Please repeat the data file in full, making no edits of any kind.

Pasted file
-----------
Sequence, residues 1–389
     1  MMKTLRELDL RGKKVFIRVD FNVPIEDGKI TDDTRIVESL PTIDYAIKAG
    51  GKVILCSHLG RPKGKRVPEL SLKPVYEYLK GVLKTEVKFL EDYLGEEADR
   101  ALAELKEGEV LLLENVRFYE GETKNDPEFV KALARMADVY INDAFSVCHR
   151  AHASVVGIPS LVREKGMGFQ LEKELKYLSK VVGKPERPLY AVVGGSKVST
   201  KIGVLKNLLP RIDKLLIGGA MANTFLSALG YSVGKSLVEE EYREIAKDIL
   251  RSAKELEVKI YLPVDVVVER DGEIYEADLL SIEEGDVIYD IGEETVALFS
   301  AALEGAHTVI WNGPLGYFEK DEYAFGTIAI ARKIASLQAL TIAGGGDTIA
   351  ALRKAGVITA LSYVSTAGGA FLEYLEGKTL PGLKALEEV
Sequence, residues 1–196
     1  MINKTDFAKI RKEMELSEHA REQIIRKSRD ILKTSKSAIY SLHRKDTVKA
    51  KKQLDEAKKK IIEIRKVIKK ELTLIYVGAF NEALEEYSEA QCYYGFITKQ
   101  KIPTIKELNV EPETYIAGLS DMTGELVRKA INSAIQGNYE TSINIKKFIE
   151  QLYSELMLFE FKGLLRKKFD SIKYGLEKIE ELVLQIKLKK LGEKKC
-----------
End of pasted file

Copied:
Sequence, residues 1–389
     1  MMKTLRELDL RGKKVFIRVD FNVPIEDGKI TDDTRIVESL PTIDYAIKAG
    51  GKVILCSHLG RPKGKRVPEL SLKPVYEYLK GVLKTEVKFL EDYLGEEADR
   101  ALAELKEGEV LLLENVRFYE GETKNDPEFV KALARMADVY INDAFSVCHR
   151  AHASVVGIPS LVREKGMGFQ LEKELKYLSK VVGKPERPLY AVVGGSKVST
   201  KIGVLKNLLP RIDKLLIGGA MANTFLSALG YSVGKSLVEE EYREIAKDIL
   251  RSAKELEVKI YLPVDVVVER DGEIYEADLL SIEEGDVIYD IGEETVALFS
   301  AALEGAHTVI WNGPLGYFEK DEYAFGTIAI ARKIASLQAL TIAGGGDTIA
   351  ALRKAGVITA LSYVSTAGGA FLEYLEGKTL PGLKALEEV
Sequence, residues 1–196
     1  MINKTDFAKI RKEMELSEHA REQIIRKSRD ILKTSKSAIY SLHRKDTVKA
    51  KKQLDEAKKK IIEIRKVIKK ELTLIYVGAF NEALEEYSEA QCYYGFITKQ
   101  KIPTIKELNV EPETYIAGLS DMTGELVRKA INSAIQGNYE TSINIKKFIE
   151  QLYSELMLFE FKGLLRKKFD SIKYGLEKIE ELVLQIKLKK LGEKKC